Taking a step back, who or what do you cite as your influences? Your sound feels very at home here today, when you’ve got all these amazing indie bands on the lineup, like The Strokes.
Yeah. It’s really cool because they’re indie bands I grew up with, so it’s really wild to me to be playing the same festival as, say, the Yeah Yeah Yeahs. It’s because I used to listen to them so much; it’s kind of surreal in that sense. As far as influences go, I mainly cite my friends and family, which is a bit cheesy, but I draw a lot of influence from what I’m doing in my family life, rather than other bands.
I love that you have as your bio on Instagram “Australia’s best boy band”.
Well, it’s true, because when we started touring the US for the first time, it wasn’t as if it was the entire spotlight purely on myself – it was evenly across everyone in the band. Everyone got their own moment to shine and all the fans will call out to us when we take stage or they ask us questions; they want to engage with each member of the band, which is really fun because I don’t really enjoy bands when it’s clearly just the frontman or the frontwoman or front person. It’s just a bit boring. I like that, usually, everyone will have a microphone on stage and everyone gets a talk amongst themselves and to everyone else in the audience. And it sort of breaks down that barrier of “we’re the artist, we’re on a pedestal, and you’re a fan”. I don’t like that, I like to have common ground.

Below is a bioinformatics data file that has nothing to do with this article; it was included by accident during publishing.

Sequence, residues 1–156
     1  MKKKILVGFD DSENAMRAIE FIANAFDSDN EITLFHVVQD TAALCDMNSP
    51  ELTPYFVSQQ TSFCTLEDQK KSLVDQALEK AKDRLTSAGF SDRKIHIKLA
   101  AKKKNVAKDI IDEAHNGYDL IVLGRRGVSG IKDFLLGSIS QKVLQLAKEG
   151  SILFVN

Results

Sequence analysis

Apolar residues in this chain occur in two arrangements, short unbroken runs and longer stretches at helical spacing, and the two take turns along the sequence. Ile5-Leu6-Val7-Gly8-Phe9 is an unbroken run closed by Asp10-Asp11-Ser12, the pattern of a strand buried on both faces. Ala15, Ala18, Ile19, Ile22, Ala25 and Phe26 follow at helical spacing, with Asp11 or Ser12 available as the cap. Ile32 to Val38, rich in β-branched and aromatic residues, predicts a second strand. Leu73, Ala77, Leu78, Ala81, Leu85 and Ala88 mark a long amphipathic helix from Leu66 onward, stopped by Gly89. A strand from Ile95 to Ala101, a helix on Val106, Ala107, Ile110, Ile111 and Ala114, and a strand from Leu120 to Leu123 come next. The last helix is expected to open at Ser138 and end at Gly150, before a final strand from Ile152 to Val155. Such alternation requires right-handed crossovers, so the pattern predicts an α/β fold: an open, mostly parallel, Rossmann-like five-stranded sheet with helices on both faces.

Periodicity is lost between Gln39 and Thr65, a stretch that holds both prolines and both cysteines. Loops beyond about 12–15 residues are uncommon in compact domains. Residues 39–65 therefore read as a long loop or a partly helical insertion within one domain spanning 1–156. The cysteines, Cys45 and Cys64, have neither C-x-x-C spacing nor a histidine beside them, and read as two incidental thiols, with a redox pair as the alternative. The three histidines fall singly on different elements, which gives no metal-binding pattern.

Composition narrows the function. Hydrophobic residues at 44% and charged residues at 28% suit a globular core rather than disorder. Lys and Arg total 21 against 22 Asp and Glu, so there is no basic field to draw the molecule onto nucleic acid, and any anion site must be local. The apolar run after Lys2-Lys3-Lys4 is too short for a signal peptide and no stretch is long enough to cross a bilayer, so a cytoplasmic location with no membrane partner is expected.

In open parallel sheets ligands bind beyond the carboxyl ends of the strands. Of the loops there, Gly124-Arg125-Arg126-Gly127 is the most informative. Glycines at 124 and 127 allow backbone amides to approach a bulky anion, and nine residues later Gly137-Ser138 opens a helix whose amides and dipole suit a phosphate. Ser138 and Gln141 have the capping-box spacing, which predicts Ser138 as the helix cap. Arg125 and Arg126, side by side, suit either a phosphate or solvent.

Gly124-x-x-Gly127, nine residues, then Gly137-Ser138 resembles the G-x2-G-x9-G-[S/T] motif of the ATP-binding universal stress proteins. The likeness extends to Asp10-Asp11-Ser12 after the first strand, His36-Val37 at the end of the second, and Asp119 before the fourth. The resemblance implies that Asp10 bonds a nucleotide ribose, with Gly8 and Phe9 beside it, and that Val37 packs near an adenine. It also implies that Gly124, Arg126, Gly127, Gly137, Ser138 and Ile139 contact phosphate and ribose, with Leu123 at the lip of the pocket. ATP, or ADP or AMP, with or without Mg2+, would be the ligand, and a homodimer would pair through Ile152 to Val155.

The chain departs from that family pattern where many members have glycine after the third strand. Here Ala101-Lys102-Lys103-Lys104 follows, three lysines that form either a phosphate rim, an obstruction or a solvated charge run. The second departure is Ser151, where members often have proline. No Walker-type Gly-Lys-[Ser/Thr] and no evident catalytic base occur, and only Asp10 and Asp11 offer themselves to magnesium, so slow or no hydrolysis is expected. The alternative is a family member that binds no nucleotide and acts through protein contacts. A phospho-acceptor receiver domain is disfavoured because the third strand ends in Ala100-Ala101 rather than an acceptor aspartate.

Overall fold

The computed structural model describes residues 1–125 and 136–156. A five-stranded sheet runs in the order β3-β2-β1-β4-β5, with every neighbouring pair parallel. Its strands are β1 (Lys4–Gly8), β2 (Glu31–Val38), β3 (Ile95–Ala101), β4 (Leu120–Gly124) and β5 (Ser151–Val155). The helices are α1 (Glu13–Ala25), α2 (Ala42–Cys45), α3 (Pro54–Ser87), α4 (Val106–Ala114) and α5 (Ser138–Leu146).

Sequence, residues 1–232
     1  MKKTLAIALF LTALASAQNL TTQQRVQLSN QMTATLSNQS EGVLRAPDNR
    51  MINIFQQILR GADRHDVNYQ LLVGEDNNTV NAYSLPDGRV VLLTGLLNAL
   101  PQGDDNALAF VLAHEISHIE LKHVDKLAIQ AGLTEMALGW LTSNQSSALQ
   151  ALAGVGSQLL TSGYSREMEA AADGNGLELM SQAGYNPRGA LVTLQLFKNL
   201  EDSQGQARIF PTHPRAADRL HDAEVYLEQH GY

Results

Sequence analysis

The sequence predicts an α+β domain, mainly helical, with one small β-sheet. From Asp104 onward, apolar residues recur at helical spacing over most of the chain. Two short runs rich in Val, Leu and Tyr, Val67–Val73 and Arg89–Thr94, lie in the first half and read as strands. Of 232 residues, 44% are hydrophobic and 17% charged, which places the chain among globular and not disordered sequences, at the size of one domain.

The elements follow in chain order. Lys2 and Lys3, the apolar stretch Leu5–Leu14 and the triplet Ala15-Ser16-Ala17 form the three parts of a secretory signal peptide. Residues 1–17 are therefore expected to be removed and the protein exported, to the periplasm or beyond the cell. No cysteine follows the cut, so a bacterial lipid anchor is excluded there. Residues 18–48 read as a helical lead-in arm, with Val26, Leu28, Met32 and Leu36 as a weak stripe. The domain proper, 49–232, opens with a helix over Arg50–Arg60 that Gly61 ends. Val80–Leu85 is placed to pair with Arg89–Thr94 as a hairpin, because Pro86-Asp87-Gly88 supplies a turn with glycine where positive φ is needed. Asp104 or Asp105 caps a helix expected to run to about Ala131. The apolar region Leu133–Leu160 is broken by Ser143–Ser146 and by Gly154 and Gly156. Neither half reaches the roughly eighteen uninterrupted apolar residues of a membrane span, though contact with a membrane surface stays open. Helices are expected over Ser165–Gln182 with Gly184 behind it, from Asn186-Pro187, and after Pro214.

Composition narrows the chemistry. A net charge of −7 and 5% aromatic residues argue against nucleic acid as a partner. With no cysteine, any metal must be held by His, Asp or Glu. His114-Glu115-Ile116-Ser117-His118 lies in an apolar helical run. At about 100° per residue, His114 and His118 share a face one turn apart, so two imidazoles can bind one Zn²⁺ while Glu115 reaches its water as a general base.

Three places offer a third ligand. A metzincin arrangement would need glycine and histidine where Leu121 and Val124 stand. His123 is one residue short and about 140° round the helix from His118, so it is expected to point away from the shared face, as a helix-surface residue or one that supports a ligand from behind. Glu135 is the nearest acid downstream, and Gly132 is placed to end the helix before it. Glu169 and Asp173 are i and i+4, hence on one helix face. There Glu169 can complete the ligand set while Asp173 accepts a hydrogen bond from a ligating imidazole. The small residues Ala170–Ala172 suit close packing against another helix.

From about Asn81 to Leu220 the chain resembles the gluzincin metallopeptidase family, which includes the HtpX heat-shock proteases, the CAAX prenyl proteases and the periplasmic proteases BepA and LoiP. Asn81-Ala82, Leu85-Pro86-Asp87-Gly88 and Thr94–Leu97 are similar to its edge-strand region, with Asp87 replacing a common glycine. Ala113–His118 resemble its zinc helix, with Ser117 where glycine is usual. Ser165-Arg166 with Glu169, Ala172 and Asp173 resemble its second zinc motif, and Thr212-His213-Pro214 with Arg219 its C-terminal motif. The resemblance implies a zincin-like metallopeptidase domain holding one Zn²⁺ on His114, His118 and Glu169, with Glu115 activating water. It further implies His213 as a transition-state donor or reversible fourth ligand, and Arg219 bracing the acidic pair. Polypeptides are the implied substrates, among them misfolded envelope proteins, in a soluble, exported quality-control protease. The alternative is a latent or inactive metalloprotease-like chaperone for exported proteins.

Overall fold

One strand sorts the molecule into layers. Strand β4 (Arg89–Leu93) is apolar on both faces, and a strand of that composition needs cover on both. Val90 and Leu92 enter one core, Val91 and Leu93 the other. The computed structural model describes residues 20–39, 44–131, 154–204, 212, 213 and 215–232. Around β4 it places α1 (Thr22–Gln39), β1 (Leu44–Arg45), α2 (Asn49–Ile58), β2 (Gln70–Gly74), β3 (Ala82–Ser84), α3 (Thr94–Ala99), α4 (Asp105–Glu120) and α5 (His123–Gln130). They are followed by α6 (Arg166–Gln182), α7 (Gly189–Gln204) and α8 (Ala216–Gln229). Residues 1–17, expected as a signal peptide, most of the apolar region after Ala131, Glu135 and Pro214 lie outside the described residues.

And in terms of your discography, you’ve had Changes, Forever in Bloom, and then you’ve got this other album coming early next year. How do you think your sound has evolved? And what can people look forward to with the new album?
I think our live sound has evolved immensely, since we’ve been touring so much. And, through trial and error, we know what we like, we know we don’t like now. So I feel like our last show was only becoming more and more refined, which is just so helpful. And the sound has progressed in such a way where it feels like a balance between the first two albums in terms of… There’s the production and clarity of Forever in Bloom, but it has the DIY feeling of Changes because we did it ourselves and we did it with our best friends and in in-home studios, or wherever we could across the world, and think that really translated. So I think that’s why the new songs are doing so well too, because you can hear that vulnerability and transparency; people know that it’s authentic, which is important.